April 8th, 2006

Brad @ Burning Man

I Think I Was Talking about This Very Image

For the first time since Coretta Scott King's funeral, somebody got away with criticizing Bush's conduct of the "war on terror" to his face without the Secret Service hauling him off to some designated "free speech zone" several blocks away. That was because, for the first time in ages, it wasn't the Republican Party that organized the event (and vetted the guest list), but a local nonpartisan (?) group called the World Affairs Council of Charlotte (North Carolina) which did so, and which gave a guy named Harry Taylor a ticket to attend the event. It's something that the Secret Service would never have permitted if they'd had control over, or even access to, the guest list, because Harry Taylor's got a history of protesting outside events that Bush has appeared at, and at the moment our sometimes-all-too-aptly-acronymed Secret Service considers it an unacceptable assassination or terrorism threat to let someone who disagrees with the President be in the same room.

Because he got away with something that tens of millions of people would like to do, Harry Taylor has become something of a liberal celebrity, with his own enthusiastic fan club. Me, I think he did barely OK. Frankly, I think he let himself run on way too long. Bush wisely gave him enough rope to hang himself with, and I think that Taylor would have come off to most Americans, even those who are nervous about the "war on terror" themselves, as at best rude and at worst stone cold paranoid. He also gave Bush a perfect opening to dismiss what he'd said, politely and while sounding sane and reasonable. At the very top of the things that Taylor said made him "frightened by my leadership in Washington, including the President" was that, "while I listen to you talk about freedom, I see you assert your right to tap my telephone." Which gave Bush an opportunity to answer with a speechlet that he's given so many times that even he has it polished down to utter perfection.

First, he responded with a near-smirk, right on the ragged edge between politeness and a snub, by emphasizing the word "your" when he paraphrased the question back, saying "you said that I tap your phones." The meat of his answer was, "Out of [the] NSA came the recommendation that it would make sense for us to listen to a call outside the country, inside the country from al Qaeda or suspected al Qaeda in order to have real-time information from which to possibly prevent an attack. I thought that made sense, so long as it was constitutional. Now, you may not agree with the constitutional assessment given to me by lawyers — and we’ve got plenty of them in Washington — but they made this assessment that it was constitutional for me to make that decision." In other words, if your name isn't on the al Qaeda phone lists we seized in Kandahar, you should take our word for it that it's not you we were listening to, and nobody is going to stop me in wartime from eavesdropping on them whether it's technically legal or not, and unsurprisingly (in an almost entirely pro-Bush audience) he got a long ovation for that answer. There are an awful lot of people in both parties who want the government to be eavesdropping on al Qaeda members, operatives, financiers, and supporters whether it's legal or not. I'm not one of them; I think it's a waste of time and effort that ought to be spent on rooting Osama bin Laden out of western Pakistan. But the vast majority of political opinion on this topic, informed or otherwise, now mostly only spans the gap from "he should have done it differently" to "he should have done what he did."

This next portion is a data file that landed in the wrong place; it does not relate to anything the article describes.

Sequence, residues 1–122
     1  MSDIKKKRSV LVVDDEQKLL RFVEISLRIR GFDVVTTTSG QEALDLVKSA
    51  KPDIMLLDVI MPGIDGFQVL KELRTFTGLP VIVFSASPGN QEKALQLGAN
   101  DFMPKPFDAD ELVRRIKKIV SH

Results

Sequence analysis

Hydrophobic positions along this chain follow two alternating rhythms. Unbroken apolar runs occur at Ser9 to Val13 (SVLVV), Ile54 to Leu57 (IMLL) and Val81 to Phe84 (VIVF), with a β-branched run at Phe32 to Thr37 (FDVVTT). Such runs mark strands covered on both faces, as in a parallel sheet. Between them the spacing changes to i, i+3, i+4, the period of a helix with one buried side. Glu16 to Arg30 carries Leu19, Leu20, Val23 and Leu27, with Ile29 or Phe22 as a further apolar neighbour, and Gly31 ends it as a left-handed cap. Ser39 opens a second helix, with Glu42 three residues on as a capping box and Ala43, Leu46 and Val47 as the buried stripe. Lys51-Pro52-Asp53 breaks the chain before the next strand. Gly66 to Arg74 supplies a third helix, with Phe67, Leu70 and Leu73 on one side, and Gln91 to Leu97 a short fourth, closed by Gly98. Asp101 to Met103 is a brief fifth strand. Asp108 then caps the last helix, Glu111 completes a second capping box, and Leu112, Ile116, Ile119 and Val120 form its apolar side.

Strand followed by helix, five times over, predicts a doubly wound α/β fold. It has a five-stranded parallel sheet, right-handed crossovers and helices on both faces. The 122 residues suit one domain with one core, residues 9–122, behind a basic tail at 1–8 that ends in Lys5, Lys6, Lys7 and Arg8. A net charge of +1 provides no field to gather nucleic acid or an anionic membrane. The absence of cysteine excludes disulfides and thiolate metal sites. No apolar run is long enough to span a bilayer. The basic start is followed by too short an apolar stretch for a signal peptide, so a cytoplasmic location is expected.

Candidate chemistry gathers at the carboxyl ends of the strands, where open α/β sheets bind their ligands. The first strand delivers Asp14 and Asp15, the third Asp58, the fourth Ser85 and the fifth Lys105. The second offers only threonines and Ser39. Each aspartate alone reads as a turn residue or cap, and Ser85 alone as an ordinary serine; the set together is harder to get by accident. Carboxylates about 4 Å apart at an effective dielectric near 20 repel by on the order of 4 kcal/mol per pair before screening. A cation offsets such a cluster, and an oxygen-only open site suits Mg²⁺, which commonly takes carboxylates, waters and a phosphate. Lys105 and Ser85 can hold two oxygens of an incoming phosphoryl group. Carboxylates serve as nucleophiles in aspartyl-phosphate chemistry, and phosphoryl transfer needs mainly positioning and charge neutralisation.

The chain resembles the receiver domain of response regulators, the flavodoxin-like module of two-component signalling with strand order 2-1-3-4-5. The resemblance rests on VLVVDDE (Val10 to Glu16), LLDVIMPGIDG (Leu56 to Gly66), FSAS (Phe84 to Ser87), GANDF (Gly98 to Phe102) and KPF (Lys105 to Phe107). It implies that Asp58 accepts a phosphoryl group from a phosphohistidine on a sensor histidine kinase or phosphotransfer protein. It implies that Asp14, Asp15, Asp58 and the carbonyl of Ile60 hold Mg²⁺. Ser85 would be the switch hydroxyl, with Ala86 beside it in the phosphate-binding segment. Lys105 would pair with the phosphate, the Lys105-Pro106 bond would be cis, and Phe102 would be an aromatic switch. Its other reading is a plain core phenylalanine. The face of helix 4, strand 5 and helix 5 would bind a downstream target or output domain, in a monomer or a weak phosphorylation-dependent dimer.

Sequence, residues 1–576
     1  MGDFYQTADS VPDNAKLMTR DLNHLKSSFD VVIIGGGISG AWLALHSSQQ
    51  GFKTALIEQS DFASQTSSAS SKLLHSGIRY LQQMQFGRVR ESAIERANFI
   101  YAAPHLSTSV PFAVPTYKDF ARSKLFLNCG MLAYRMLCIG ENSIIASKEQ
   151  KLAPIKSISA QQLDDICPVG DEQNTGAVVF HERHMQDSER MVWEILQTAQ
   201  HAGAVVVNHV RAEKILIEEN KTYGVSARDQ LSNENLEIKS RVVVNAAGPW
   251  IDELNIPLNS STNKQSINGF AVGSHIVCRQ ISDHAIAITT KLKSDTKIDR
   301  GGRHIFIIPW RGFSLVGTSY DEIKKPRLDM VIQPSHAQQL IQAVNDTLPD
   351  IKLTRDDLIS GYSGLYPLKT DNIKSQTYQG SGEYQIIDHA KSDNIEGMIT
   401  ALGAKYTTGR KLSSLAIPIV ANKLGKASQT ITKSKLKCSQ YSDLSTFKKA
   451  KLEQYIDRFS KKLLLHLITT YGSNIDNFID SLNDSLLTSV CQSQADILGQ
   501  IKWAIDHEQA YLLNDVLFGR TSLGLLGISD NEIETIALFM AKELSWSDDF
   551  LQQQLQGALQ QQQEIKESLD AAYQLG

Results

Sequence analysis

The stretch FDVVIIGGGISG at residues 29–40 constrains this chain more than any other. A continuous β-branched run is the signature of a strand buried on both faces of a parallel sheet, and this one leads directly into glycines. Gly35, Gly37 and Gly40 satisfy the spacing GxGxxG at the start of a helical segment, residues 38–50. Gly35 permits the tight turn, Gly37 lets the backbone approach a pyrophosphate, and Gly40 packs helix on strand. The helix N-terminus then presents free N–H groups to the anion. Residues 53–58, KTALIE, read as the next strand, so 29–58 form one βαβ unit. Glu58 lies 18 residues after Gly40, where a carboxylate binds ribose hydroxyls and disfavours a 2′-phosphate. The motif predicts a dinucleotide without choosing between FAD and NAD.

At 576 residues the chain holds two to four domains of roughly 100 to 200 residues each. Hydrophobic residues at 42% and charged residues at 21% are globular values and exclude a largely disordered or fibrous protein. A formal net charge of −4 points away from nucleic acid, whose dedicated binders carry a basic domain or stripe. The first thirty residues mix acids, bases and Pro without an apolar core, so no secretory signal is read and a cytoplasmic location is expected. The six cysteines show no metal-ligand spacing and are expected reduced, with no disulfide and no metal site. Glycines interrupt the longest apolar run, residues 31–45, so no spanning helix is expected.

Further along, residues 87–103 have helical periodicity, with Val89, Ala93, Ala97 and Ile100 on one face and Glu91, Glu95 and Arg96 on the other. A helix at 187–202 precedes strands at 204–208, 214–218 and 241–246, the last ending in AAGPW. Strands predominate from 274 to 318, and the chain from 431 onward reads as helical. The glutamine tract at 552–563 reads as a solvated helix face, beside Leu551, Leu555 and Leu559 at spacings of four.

But one of the most odd coincidences in the way this came off was that the cameras filming the event were in exactly the right position to frame Harry Taylor, and the audience around him, in almost exactly the same poses and so forth as one of Norman Rockwell's most famous paintings, "Freedom of Speech" from his "The Four Freedoms" series. I'm borrowing the images from a Columbia Law School student blogger, Sauntering, because he got them scaled exactly right:

And Harry Taylor, like that painting, does represent exactly what's right with America. It frankly helps Bush, I think, for even his opponents to see that one guy can stand up, in the middle of a crowd of people unlike himself, and express a different opinion than that of nearly everybody there ... and still be entitled to be listened to respectfully. In fact, it's something the crowd was disinclined to give him, a respectful listening ... it was Bush that insisted that they do so, who shushed them when they booed and who stopped them from interrupting and who encouraged Harry Taylor to finish his speech. Which, in all honestly, probably did more to reassure people that it's not time to fear the government, that Harry Taylor was wrong to do so, than anything that Bush actually said in his reply.